It's obviously much easier and quicker to learn the technical skills if taught in a professional kitchen but you can certainly teach yourself the theory of how to prepare dishes from books. (eg i've read somewhere HB taught himself butchery from a book!) and the practical can come with, well practice. But because you've eaten, for argument's sake beurre blanc, you know what the consistency, seasoning etc should be and that's what a book alone can't help you with.

If i'm dining and want to know how something was made, that i can't work out i just ask, the staff/chef are usually quite obliging to share info if you show an interest.

you don't win friends with salad

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This article by Tracey Macleod may be of interest. Click here..

Its from what looks suspiciously like the the Waitrose Food Magazine site and seems to concur with a lot of what has already been written.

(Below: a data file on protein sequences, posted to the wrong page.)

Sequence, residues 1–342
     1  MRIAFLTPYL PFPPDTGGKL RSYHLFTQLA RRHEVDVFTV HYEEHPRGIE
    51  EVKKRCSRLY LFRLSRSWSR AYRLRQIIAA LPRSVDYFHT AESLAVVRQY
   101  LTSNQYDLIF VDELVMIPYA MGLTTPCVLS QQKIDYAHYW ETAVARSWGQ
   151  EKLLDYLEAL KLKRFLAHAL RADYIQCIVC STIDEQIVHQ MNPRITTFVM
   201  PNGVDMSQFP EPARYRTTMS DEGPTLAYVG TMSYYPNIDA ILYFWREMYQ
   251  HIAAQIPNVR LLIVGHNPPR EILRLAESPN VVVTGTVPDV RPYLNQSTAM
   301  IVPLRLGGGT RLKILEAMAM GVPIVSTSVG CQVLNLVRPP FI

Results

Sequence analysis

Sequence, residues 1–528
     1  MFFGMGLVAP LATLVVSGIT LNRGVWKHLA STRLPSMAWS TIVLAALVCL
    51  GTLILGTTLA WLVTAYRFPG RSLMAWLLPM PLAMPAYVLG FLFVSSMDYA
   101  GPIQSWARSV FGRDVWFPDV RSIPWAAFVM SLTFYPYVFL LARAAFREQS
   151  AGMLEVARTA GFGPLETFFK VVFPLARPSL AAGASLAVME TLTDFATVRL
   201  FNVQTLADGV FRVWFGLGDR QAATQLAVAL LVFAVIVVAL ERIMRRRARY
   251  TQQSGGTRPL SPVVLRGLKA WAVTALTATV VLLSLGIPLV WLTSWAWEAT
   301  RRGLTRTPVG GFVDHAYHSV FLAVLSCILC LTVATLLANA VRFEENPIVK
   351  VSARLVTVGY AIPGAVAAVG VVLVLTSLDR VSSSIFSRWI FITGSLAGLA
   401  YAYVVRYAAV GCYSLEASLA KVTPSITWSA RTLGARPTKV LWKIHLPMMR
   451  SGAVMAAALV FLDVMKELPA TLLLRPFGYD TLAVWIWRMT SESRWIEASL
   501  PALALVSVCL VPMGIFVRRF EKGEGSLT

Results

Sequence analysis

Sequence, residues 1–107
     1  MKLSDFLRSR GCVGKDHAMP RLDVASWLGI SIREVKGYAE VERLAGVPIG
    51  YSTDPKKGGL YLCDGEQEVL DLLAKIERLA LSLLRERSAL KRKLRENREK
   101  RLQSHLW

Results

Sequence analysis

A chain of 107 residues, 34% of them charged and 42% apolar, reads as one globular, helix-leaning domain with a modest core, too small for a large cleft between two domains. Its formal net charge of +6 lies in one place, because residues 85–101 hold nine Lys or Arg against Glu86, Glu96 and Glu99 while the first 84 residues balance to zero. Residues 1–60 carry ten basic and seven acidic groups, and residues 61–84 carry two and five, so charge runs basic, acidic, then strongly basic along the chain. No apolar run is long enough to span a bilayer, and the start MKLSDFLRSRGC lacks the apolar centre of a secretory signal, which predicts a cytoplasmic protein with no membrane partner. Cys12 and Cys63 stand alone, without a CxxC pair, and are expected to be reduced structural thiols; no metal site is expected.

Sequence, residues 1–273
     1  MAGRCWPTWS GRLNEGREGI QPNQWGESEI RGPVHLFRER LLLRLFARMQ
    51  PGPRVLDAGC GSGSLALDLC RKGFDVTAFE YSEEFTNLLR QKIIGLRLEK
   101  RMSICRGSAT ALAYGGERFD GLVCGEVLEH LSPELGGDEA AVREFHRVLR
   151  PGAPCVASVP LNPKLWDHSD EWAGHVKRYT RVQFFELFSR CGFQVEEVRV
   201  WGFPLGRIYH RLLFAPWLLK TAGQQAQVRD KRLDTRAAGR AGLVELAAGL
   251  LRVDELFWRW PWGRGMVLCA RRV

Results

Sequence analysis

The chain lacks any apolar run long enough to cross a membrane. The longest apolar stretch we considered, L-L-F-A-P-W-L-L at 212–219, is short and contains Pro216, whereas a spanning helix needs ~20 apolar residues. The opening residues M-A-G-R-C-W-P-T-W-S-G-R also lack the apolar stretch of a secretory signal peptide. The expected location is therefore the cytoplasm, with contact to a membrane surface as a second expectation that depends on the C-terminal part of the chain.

Cabrales- "Err -- Maybe that contributed (or not) to why he had to "take inspiration" with respect to certain dishes from others." Posted on June 12 2002,08:57

( I haven't quite worked out how to use the quote facility yet, sorry.)  

May I ask why the indignation at Mr Blumenthal allegedly "half inching" dishes from others? Aren't all chefs, be they self taught or not, gulity of a bit of cuilnary plagiarism?

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Much discussion has resulted from the general question of copying/taking inspiration (the General forum?), and from the more particular question of Blumenthal's operations (in this forum).  Perhaps the threads will be easier to locate once the search function in the upcoming software is in place.

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  • 2 weeks later...